Water meter's on the way

It look¡¯s like water meters are heading our way. Over the next five years, the city plans to switch all residents to water meters.

This is important for several reasons:

  1. A metered system gives power to the citizens - the power to control the amount they pay for their water. By limiting water use (not watering the lawn, no thirty minute showers, etc), citizens can pay much less then they are now.
  2. On a metered system, residents use less water. This reduces costs for the city. The system requires less chemicals and energy to treat the water, and we do not need to build such big water treatment plants.

The only issue that I have right now is with the cost to switch to a meter.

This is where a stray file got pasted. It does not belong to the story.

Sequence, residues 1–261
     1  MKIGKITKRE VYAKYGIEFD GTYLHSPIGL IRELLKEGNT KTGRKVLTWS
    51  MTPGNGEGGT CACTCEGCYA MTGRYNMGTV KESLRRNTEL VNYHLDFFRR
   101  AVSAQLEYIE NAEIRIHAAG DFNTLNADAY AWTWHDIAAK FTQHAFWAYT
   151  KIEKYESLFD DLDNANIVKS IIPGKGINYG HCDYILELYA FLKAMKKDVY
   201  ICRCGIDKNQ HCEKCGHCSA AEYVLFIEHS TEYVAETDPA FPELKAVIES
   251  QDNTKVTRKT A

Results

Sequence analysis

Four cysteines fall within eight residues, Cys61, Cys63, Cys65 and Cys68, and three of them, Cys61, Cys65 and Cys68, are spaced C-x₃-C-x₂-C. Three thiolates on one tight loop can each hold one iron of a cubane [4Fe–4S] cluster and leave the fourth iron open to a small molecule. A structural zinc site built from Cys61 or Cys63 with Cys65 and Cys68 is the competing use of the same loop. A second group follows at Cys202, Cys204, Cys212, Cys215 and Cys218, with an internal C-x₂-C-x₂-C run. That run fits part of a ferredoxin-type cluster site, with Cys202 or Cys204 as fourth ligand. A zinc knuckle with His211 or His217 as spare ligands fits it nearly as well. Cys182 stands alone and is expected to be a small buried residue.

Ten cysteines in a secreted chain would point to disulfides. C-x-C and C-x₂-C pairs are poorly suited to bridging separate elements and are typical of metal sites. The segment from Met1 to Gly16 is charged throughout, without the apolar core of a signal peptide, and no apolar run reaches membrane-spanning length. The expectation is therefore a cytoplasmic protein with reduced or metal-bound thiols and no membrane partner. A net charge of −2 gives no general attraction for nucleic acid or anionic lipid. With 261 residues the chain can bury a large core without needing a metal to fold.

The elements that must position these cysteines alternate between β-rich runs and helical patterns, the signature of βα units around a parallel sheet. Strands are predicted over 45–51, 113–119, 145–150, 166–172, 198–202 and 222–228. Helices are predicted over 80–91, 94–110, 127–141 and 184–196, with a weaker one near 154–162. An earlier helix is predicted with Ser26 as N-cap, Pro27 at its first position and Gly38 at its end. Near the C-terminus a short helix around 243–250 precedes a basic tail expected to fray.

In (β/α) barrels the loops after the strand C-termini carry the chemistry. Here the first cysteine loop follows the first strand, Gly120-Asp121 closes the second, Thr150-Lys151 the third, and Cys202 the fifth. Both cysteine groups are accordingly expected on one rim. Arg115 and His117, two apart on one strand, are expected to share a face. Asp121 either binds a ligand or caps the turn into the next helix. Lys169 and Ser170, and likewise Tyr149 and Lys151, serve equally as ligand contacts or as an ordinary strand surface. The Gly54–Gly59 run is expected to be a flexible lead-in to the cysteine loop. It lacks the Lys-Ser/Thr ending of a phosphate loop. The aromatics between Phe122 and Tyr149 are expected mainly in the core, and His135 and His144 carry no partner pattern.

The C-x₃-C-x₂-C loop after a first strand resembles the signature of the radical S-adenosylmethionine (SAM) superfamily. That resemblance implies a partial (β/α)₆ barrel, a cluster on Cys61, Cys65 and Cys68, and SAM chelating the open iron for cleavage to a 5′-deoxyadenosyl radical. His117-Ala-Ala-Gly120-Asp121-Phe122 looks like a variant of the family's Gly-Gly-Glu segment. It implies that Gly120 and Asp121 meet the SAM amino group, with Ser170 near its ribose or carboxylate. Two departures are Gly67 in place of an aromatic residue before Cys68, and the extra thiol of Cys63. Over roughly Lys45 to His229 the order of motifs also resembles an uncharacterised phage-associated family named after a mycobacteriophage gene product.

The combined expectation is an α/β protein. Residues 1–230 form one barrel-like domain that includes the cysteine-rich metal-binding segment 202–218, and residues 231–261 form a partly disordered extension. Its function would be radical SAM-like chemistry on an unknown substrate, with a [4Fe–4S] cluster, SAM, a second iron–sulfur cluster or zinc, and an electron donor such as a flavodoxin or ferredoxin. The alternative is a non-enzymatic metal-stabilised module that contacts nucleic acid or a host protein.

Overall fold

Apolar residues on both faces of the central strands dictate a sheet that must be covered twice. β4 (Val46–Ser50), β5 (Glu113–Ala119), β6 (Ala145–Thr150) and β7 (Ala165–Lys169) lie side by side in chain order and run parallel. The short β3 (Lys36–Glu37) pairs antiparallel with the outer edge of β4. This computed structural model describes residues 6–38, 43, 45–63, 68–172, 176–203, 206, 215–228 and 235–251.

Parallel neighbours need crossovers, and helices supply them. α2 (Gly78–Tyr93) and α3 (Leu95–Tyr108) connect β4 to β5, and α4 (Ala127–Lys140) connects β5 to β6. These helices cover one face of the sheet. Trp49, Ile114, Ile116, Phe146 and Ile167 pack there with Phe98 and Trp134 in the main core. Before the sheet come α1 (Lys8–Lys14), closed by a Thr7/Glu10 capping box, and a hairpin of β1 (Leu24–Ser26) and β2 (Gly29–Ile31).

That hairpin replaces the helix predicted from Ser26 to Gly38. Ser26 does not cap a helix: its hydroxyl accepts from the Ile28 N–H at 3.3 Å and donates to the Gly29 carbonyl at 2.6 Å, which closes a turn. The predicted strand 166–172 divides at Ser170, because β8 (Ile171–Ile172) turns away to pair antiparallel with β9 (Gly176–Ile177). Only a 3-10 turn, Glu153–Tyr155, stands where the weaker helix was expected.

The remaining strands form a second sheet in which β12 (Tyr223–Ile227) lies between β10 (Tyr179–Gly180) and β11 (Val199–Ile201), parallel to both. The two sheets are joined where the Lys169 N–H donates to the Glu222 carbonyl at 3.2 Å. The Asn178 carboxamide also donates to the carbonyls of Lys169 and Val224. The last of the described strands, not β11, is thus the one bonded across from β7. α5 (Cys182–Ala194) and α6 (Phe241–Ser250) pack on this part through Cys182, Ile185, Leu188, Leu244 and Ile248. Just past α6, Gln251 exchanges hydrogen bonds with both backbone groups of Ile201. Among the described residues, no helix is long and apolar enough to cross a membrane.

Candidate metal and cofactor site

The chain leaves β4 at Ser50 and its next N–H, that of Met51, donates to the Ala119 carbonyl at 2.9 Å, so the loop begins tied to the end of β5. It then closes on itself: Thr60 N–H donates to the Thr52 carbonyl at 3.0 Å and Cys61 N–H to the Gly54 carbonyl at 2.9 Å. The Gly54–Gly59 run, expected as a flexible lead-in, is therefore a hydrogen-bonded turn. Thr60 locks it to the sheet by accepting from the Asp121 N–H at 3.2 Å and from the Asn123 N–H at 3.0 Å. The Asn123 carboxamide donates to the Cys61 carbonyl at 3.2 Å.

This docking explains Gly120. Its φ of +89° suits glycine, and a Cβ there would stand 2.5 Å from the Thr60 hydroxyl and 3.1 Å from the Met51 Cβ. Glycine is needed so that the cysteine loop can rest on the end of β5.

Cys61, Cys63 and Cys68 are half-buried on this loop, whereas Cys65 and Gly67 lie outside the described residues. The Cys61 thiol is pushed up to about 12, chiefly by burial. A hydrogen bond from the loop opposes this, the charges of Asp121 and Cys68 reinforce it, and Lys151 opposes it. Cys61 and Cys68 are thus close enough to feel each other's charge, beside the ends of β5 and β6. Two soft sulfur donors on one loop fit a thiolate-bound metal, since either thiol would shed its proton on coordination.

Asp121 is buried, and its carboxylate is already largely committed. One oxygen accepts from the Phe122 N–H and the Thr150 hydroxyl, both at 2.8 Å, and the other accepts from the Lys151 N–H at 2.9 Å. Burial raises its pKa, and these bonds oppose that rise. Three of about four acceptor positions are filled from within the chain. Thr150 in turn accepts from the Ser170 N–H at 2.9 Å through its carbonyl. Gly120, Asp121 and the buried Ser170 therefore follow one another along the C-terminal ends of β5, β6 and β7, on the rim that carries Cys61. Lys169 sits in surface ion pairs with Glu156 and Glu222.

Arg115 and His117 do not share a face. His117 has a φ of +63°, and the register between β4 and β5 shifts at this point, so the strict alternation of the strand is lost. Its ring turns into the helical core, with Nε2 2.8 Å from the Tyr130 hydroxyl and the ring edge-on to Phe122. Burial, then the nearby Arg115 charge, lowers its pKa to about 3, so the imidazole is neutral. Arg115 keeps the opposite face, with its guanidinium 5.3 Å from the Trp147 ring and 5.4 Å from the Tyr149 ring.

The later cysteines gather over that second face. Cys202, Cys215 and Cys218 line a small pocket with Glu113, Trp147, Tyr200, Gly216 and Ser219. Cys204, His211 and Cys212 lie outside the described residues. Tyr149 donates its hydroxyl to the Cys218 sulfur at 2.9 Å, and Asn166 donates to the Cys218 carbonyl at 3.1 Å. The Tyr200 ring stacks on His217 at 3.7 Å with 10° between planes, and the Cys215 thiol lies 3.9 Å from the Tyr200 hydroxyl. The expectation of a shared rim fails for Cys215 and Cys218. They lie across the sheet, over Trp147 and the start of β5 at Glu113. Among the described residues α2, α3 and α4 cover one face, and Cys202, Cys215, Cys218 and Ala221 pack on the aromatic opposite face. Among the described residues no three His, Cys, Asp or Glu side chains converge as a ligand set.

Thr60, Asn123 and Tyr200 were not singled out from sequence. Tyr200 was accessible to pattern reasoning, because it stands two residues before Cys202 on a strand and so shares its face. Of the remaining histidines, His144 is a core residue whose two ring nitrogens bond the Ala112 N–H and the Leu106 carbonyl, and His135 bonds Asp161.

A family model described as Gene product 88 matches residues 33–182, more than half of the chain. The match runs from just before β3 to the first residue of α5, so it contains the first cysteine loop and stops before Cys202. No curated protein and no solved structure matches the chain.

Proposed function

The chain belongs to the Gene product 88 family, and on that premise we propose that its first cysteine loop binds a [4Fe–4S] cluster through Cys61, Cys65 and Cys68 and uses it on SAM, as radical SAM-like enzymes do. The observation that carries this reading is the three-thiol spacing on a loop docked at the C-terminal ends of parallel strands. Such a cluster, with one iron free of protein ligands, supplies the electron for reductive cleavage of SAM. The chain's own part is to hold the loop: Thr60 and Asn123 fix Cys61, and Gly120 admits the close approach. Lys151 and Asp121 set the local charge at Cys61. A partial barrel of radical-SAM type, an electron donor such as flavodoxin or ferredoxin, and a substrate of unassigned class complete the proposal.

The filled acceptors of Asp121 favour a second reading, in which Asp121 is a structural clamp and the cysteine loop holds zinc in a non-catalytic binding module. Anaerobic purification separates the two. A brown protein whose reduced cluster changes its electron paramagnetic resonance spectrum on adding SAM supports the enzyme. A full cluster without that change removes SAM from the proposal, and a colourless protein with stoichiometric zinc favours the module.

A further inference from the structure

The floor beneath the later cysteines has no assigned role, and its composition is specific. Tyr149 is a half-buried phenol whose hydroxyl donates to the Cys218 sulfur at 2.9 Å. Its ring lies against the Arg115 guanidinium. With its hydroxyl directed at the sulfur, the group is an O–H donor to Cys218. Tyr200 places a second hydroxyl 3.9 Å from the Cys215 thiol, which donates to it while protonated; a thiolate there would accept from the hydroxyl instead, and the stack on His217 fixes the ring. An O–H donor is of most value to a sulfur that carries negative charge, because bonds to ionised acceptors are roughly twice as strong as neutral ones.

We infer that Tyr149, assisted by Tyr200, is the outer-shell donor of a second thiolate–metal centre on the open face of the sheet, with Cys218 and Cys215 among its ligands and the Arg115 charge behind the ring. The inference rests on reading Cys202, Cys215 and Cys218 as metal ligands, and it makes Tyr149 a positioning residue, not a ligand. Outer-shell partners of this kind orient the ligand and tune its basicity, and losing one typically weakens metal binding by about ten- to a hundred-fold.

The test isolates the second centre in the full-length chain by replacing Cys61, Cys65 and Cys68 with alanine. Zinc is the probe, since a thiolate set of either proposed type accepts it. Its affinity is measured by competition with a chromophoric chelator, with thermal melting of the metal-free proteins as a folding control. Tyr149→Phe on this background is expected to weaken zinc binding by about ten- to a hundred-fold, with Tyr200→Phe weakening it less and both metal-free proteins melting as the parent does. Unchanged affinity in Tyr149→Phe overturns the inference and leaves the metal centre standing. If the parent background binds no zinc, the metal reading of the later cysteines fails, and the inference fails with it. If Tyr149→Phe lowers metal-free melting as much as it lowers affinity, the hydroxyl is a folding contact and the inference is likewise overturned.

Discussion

This will be an important issue with low-income residents, luckily the Deputy Mayor is already working on this:

Deputy Mayor Stephen Chase said he plans to spearhead a council motion that asks city staff for recommendations on assistance packages for low-income residents that would offset the costs of meters and fixtures such as low-flow toilets.

¡°If you¡¯re at a certain income level and you own your own home, there may be a relief package that you¡¯d be able to access,¡± Chase said. ¡°That will take us over the largest barrier of push-back over water meters.¡±

For everyone else, I am still hopeful that the city will be subsidizing the initial cost to switch.

Currently, I am responsible for finding a plumber to come and install the meter which also includes paying them to perform the work. The people I spoke to at the city estimated the job at $200 - which is a lot of money to pay upfront.

Perhaps the city can work with the various plumbers in the city to ensure the installation costs are consistent - and maybe the installation cost can be included in future bills?

Either way, I do plan on making the switch once I have more information.

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